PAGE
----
Helping birds this fall

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This post was written by Safe Wings Ottawa volunteer Amanda Dookie

A Blackpoll Warbler killed by a window collision in fall of 2016.

Fall is a challenging time for birds as they transition out of the breeding season and contend with changing weather conditions and migration. Stewardship efforts at this time can go a long way.






Fall Migration and Window Collisions

Studies have found that up to 90% of bird collisions occur during spring and fall migration, depending on the region. More than 75% of Canada’s bird species are migratory, so the risk for bird-window collisions in Canada is extremely high during the fall. 

Feather Friendly product has been applied to the exterior of this residential window.

Fall is a great time to help protect birds from window collisions by making your windows bird-friendly, and by spreading the message that making windows visible to birds saves lives. It’s also an extremely busy time for Safe Wings and we are always looking for new volunteers. Visit our Help Us page for more information on how you can help Safe Wings this fall.


Avian Trichomoniasis

Avian trichomoniasis, a highly infectious and often deadly disease in birds, has been spreading rapidly across Eastern Canada. All signs point to the disease spreading westward throughout Canada, with one probable case currently reported in Ottawa.

The disease is caused by the parasite Trichomonas gallinae. Symptoms include lesions on the mouth, throat, lungs and digestive organs of birds. These lesions cause inflammation of the membranes, which lead to difficulties with swallowing, diarrhea and in some cases, sudden death. Visible signs of trichomoniasis in birds include discoloured fluid around the beak, weight loss, loss of balance, and dull, ruffled feathers*. While the current outbreak in Eastern Canada is afflicting finches in particular, it can affect all bird species, including captive birds. Humans and other mammals are not susceptible to the disease.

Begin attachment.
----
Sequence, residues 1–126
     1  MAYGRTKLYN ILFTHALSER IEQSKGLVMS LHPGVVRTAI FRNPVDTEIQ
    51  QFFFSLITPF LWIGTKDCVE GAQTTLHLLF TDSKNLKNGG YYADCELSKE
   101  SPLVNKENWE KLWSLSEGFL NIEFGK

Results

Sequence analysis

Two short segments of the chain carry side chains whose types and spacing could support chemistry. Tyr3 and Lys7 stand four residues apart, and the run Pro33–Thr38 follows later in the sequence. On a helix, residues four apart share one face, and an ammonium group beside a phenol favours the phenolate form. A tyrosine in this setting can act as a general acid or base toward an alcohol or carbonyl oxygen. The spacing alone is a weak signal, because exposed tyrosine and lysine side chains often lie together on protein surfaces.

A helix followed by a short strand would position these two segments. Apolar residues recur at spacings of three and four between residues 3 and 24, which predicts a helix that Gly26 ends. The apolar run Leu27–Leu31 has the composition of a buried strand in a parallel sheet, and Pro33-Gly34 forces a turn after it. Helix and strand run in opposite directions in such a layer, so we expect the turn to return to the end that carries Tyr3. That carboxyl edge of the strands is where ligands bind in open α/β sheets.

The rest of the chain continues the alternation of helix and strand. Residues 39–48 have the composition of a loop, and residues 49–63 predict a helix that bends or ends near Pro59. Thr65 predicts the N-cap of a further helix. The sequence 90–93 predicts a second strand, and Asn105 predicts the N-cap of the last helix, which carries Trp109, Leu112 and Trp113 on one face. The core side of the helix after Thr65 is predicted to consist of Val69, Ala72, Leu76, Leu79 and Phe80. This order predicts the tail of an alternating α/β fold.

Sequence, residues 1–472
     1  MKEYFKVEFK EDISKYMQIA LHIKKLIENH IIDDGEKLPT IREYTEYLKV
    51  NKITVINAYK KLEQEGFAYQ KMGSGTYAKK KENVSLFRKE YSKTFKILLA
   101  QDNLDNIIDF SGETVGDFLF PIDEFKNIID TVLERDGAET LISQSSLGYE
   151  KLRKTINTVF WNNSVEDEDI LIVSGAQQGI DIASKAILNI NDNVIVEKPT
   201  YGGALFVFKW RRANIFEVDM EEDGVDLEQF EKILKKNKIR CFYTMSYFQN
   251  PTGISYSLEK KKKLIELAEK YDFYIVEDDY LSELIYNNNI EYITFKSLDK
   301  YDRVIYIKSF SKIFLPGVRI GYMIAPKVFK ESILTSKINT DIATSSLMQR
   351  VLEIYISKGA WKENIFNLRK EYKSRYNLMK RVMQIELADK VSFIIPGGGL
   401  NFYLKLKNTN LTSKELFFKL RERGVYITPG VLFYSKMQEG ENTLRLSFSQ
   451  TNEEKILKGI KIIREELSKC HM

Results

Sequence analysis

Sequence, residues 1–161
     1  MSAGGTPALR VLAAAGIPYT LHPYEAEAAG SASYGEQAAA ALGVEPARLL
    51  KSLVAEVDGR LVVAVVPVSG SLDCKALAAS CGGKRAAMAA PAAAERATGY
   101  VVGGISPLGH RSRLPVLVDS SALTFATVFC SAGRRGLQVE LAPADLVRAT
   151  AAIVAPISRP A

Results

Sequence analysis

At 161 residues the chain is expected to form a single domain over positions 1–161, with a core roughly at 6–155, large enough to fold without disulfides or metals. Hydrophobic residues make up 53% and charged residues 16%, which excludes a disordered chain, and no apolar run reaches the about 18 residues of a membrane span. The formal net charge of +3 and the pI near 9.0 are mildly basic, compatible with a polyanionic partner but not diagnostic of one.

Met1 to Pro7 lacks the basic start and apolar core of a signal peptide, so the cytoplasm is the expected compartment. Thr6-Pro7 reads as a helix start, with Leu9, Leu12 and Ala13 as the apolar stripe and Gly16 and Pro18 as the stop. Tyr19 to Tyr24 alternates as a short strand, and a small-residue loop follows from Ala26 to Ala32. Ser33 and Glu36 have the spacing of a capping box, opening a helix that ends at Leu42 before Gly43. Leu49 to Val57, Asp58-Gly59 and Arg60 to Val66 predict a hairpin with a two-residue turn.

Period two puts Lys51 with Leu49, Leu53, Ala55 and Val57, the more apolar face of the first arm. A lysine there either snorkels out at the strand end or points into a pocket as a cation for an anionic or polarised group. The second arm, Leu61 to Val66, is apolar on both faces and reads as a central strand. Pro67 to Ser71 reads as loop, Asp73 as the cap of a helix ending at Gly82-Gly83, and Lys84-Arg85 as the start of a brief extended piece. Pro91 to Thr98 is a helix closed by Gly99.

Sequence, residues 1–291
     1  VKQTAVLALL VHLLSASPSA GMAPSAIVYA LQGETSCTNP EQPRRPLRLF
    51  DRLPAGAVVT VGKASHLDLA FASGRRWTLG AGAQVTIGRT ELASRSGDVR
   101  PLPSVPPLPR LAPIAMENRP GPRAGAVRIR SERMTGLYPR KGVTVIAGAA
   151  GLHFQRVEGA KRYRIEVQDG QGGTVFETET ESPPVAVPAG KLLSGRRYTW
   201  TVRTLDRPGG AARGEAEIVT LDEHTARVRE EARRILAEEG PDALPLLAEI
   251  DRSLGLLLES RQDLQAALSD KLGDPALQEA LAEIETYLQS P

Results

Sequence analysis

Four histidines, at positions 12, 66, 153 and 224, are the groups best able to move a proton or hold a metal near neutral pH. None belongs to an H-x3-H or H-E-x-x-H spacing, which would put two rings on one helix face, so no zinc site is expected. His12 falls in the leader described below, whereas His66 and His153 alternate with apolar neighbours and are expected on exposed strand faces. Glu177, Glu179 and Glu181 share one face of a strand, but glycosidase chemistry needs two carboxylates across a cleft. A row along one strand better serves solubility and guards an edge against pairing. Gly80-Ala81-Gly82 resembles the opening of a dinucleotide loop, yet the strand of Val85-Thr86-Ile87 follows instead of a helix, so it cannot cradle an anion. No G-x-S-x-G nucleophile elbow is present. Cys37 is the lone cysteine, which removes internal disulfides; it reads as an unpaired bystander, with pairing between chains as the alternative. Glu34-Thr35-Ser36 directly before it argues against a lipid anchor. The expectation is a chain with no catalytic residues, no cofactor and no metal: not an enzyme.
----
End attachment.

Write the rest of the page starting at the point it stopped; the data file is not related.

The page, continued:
*NB: Birds may also appear to have ruffled plumage when they are moulting, most often before and after their breeding season during the spring and the fall.

What you can do to help stop the spread of Avian trichomoniasis:

If you live in Eastern Canada (east of Manitoba)

Trichomoniasis can be transmitted through contaminated water and food. You can help stop the spread of trichomoniasis in birds by taking down bird feeders and baths immediately. Remember to clean feeders and baths thoroughly before putting them away for the season. Do not feed birds by putting seed on the ground, since this can also spread the disease.

If you live in Western Canada (from Manitoba to B.C.)

Keep track of the Avian Trichomoniasis spread map to monitor the spread of the disease to birds in your area and report suspected cases to the Canadian Wildlife Health Cooperative. If you decide to keep your bird feeders and baths up for now, remember to wash and disinfect them regularly (every 1-2 weeks). Also, be sure to place feeders and baths either less than 50 cm or more than 9 m away from windows to help prevent bird collisions.

Placing feeders less than 50 cm away from a window, or directly on a window, is one way to help prevent collisions.